“I don’t guess Mr. Tanner saw the Lord Himself. God has mysterious ways of making provision for those who love Him. He has all kinds of messengers.”
“I will tell you a story,” said Mr. Tanner.
Tom and Caddie and Warren moved closer to the fire and to Mr. Tanner’s long legs. It was not so much to be near the warmth of the fire on the first chilly evening of autumn as it was to be near the source of the story. They did not want to miss a word. Stories were as rare and delightful as apples or peppermint candy.
“As I was saying just now, my father was a circuit rider like myself. His circuit was back East in a section that’s pretty well civilized now. But in those days it was as much a frontier as Wisconsin has been since I came here.”
“Were there Indians there?” Caddie asked.
“Yes. there were, Caroline Augusta,” said Mr. Tanner.
“If you’ll just be patient, I’ll come to the Indians as soon as possible.”
The children breathed a sigh of contentment, and Warren hitched his stool a trifle closer until his chin almost rested on Mr. Tanner’s knee.
“My father had a little homestead in the woods with a Jog cabin on it where we children lived with our mother the year round while Father was away riding his circuit and bringing the word of God to distant settlements. I could tell you more than one story about our struggles there: how we boys did man’s work before we were in our ‘teens; how hostile Indians came, threatening to burn us out; and how my mother kept them at bay with Father’s old blunderbuss, although she hadn’t an ounce of ammunition for it. She deceived those savages, but it was a deception which I have always felt the Lord forgave her. Yes, I could tell you of a dozen instances when we were on the point of starvation; but I’ll tell you just one, to answer Warren’s question about how the Lord provides.”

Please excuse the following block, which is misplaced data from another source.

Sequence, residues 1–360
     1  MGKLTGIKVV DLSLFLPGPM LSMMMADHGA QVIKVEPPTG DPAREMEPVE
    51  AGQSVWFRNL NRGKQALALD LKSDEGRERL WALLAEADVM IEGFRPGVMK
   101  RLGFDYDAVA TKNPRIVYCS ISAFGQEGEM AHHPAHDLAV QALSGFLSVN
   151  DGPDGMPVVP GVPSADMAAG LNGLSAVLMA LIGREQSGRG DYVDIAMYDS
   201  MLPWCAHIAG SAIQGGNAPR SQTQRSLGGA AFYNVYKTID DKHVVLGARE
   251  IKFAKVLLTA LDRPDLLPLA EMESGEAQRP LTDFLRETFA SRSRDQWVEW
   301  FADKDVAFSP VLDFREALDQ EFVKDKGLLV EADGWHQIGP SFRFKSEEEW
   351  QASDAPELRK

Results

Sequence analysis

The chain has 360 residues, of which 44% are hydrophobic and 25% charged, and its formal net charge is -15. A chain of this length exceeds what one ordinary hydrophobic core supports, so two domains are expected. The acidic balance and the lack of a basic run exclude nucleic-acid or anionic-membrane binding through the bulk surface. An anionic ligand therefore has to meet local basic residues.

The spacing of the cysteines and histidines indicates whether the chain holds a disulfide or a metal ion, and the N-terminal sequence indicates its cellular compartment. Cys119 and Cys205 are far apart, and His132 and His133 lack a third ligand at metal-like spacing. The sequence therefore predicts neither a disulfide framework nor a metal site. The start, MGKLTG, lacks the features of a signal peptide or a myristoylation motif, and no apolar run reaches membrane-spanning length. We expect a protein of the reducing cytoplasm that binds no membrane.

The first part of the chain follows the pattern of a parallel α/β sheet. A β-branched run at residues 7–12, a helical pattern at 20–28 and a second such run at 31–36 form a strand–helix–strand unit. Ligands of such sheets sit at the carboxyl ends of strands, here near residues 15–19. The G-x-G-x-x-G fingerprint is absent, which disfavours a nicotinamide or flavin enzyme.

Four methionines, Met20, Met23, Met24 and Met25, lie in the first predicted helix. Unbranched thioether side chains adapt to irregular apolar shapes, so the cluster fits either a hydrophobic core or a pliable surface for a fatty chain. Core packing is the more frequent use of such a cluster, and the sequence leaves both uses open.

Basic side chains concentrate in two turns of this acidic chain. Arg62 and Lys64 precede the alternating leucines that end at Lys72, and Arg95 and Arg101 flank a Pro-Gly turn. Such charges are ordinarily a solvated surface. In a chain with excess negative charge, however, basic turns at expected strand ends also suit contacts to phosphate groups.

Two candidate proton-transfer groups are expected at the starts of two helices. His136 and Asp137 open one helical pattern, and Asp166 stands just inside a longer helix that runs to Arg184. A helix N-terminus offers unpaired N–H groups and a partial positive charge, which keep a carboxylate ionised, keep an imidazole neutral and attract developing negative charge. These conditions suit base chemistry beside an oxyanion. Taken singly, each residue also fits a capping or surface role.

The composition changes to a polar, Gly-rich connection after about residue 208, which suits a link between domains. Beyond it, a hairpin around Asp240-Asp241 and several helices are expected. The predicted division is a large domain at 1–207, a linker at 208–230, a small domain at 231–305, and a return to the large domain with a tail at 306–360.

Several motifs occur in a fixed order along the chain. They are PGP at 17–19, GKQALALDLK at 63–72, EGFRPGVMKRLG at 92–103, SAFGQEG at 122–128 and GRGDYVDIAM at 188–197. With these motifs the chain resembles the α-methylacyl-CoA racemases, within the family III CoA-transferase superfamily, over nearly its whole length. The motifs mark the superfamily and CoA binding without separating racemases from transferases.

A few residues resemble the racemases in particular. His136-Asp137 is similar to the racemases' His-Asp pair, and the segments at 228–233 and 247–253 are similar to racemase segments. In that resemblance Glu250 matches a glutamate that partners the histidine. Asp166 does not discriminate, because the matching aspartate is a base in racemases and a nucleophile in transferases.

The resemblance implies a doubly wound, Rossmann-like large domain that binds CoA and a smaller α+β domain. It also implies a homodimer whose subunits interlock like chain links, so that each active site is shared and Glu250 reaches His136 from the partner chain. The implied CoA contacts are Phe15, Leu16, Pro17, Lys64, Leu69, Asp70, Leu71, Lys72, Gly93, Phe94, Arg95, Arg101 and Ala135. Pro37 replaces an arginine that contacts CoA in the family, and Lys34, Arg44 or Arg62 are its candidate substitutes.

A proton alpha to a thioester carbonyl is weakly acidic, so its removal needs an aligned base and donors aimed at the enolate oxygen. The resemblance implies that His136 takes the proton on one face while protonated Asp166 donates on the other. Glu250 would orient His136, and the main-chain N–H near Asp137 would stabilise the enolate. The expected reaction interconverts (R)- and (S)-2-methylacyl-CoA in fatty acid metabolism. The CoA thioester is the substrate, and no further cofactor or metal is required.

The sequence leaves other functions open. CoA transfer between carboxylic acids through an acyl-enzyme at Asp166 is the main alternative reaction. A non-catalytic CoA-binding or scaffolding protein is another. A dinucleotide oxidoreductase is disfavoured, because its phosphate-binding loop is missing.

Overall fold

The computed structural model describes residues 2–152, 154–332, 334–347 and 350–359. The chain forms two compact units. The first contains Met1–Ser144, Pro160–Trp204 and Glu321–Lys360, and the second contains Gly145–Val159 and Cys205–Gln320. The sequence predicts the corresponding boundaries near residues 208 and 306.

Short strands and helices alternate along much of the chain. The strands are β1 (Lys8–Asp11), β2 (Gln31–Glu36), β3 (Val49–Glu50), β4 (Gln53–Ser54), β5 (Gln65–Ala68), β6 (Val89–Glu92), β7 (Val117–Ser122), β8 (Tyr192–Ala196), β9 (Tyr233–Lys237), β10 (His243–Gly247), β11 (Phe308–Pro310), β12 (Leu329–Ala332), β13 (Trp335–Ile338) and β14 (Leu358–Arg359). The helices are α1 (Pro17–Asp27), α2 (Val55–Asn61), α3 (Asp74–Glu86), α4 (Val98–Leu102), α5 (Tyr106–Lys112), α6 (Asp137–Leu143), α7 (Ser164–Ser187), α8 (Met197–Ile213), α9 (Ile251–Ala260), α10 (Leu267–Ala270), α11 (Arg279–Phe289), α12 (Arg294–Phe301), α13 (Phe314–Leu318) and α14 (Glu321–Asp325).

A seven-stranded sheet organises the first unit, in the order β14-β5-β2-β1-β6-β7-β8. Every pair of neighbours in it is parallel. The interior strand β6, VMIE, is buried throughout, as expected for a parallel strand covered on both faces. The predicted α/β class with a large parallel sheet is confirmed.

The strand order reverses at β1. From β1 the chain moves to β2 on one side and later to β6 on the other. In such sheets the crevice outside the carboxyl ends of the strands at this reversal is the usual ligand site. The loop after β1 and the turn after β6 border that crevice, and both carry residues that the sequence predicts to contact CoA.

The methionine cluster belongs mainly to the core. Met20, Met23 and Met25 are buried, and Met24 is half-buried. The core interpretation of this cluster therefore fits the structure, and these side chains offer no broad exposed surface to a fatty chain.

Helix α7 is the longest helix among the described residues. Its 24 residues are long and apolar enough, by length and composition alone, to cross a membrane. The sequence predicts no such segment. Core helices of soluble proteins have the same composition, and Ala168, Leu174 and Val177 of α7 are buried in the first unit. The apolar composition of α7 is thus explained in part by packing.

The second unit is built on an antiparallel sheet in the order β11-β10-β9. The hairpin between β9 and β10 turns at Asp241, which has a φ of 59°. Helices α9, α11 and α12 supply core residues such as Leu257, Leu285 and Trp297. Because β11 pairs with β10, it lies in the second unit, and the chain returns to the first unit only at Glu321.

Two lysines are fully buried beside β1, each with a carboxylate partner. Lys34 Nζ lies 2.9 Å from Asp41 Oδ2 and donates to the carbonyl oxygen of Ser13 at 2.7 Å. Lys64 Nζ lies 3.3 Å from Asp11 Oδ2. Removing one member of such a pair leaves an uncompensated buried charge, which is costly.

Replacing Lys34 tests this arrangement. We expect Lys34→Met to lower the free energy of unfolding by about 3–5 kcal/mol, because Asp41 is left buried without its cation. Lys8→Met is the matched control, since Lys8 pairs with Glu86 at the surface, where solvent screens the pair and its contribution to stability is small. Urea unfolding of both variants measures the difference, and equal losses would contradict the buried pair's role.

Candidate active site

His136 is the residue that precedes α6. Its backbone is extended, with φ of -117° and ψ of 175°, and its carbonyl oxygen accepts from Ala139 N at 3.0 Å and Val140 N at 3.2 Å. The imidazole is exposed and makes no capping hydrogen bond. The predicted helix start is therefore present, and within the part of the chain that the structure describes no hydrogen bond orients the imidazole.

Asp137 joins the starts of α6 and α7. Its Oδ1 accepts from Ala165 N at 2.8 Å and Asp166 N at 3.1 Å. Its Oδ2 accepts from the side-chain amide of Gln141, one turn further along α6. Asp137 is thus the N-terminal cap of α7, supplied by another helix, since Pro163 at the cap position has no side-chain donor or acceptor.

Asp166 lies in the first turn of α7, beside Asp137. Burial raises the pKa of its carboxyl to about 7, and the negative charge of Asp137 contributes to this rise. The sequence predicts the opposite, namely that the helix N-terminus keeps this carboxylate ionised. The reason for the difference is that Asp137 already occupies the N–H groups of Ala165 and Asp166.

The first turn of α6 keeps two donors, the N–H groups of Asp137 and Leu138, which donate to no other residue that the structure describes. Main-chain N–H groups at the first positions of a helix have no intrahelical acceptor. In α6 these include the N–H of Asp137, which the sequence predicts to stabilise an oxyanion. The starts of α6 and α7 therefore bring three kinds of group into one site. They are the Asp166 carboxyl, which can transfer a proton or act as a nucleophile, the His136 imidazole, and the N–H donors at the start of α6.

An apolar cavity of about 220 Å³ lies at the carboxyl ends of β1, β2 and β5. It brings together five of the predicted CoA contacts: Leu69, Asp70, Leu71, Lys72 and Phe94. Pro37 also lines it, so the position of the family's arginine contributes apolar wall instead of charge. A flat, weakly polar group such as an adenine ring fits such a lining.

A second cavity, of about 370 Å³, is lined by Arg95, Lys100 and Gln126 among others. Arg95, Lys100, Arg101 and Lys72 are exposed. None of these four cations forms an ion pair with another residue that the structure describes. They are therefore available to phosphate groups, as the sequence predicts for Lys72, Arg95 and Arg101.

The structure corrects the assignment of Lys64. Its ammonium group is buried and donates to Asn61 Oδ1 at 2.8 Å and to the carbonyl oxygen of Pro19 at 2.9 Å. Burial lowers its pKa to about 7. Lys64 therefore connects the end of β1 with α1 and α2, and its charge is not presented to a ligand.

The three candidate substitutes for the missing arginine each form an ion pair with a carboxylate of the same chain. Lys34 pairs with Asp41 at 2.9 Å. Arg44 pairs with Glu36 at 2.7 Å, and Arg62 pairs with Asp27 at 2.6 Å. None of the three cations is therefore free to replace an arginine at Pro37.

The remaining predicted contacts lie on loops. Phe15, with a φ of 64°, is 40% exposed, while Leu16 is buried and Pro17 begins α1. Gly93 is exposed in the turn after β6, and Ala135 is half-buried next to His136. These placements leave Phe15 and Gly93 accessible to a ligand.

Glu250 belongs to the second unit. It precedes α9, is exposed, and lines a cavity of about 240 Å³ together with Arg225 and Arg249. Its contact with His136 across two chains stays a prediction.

Mr. Tanner paused and cleared his throat, and Father took that opportunity to put another chunk of wood upon the fire; for it looked as if the story might outlast the sticks which were already blazing.
“But why should you be near starvation, Mr. Tanner?” Tom asked. “Didn’t you have good crops? Didn’t they pay your father anything?”
“Maybe you don’t know what a circuit rider’s life is like, Tom. He has no fixed salary. People give him what they think he’s worth, and if the folks in one settlement feel poor, that year, they say, ‘Oh, well, the folks at the next settlement
up the river will pay him. It’s no concern of ours.’ And maybe the folks up the river say, ‘He probably got paid at the last place down-river. It’s not
responsibility.’ No, a circuit rider’s life is not all as pleasant as a Saturday evening at the Woodlawns’. As to our crops, it was my mother and us six little children who had to hew a farm out of the wilderness while my father was away preaching God’s word. Maybe you see now why the Lord himself sometimes had to look after us.”